In 2014, Michigan’s legislature actively sought to dismantle existing clean water and other environmental protections. Often these actions were taken under the banner of job creation and natural resources protection, but the voting record tells the real story. This session has shown that Michigan’s elected officials are more committed to representing well-funded polluters than standing up for the Michiganders who elected them. In the past year the legislature has rolled back years of progress in protecting Michigan’s water and natural resources, while encouraging the outsized influence of big money in Michigan politics.
The 2014 election season is underway. This year Governor Snyder will run for a second term as Governor of our great state. In the past four years, Governor Snyder has made promises about protecting Michigan’s energy, communities, and environment, especially the Great Lakes. The disconnect between Governor Snyder’s words and his actions tell the real story: he is not a true guardian of our environment or our communities.
Hiking, fishing, hunting, skiing and other outdoor activities are part of Michigan’s culture and way of life. Nearly 84% of Michiganders feel that outdoor recreation is important. 194,000 Michigan jobs and more than $1.4 billion in state and local tax revenues come from outdoor recreation.
Clean Water Action’s “Protect Pure Michigan” campaign, launched earlier this year, seeks to protect the state’s air, land, water and Great Lakes from climate change impacts and dangerous pollution. The campaign traveled to Traverse City to speak with business owners there who often rely on tourism to keep their doors open and organized a “business after hours” event at Right Brain Brewery. There, Crystal Mountain Ski Resort CEO, Jim MacInnes, spoke about climate change impacts on his business. Read more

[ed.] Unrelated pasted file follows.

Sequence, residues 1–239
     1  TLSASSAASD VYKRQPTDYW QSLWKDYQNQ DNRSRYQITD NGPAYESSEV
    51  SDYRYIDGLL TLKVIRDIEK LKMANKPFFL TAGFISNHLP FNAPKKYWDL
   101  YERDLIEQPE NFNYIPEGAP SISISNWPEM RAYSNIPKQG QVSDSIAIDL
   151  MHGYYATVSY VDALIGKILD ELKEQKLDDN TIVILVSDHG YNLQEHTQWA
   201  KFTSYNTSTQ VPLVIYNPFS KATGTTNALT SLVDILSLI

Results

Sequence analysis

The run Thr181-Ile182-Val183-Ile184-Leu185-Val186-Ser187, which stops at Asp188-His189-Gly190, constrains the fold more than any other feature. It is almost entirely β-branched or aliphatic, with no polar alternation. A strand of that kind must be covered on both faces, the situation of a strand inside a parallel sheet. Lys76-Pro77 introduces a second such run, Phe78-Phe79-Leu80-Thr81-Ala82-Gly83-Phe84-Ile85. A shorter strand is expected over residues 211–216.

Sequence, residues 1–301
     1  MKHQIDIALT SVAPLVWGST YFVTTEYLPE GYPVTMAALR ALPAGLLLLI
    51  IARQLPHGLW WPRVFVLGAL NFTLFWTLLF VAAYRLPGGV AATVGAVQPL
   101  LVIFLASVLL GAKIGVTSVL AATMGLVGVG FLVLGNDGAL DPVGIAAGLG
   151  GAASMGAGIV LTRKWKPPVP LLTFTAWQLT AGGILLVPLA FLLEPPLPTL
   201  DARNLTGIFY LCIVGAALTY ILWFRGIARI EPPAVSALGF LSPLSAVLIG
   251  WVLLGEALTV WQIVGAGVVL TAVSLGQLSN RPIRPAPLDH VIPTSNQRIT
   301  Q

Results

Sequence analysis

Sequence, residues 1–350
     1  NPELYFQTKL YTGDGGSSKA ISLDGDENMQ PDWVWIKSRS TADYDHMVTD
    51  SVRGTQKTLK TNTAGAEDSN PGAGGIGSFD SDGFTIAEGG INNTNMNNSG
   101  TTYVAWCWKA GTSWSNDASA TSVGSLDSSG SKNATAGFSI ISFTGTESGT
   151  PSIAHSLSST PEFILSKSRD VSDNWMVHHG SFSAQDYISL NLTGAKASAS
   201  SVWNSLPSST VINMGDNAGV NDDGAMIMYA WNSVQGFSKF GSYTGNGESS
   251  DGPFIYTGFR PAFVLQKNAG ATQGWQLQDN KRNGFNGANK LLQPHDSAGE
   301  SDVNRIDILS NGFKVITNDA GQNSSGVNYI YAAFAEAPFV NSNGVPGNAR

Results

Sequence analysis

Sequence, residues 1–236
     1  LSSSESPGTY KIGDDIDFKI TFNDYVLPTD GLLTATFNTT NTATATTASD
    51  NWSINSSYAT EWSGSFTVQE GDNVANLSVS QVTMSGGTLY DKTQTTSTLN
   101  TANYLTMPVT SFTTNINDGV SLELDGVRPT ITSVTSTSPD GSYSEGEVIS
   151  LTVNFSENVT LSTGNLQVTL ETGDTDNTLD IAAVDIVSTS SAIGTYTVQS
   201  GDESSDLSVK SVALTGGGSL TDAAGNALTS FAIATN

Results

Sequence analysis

October 29, 2013 - Download the full letter (PDF)
Members of the 2013 Farm Bill Conference Committee:
As you begin conference deliberations for a final Farm Bill package, we urge you to maintain provisions adopted in S. 954 that would provide stronger tools in the newly established Regional Conservation Partnership Program (RCPP) within the Conservation Title to help agricultural producers manage nutrients more effectively in order to improve water quality in local watersheds. Nutrient runoff is the greatest water quality challenge facing the United States today.
Clean Water Action, Conservation Voters of Pennsylvania, and the Sierra Club Pennsylvania Chapter released the joint Pennsylvania Environmental Scorecard in October 2014.
This report scores all state legislators on key environmental votes cast during the 2013 - 2014 Legislative Session and whether those votes supported protection of the public and the environment.
September 19, 2014
Water Docket # EPA-R10-OW-2014-0505
U.S. Environmental Protection Agency
(Mail Code: 2822T)
1200 Pennsylvania Ave., N.W.
Washington, DC 20460
On July 14th Washington, DC became the first major city on the East Coast to ban polystyrene foam food containers! Clean Water Action has been campaigning around this issue for months and thanks its many supporters who wrote letters in support of the ban to City Council members. These harmful petroleum-based containers are non-biodegradable and account for up to a fourth of the trash polluting the Anacostia River. Banning polystyrene is huge victory for the District and is an essential step in cleaning up the city’s rivers, wetlands and streams.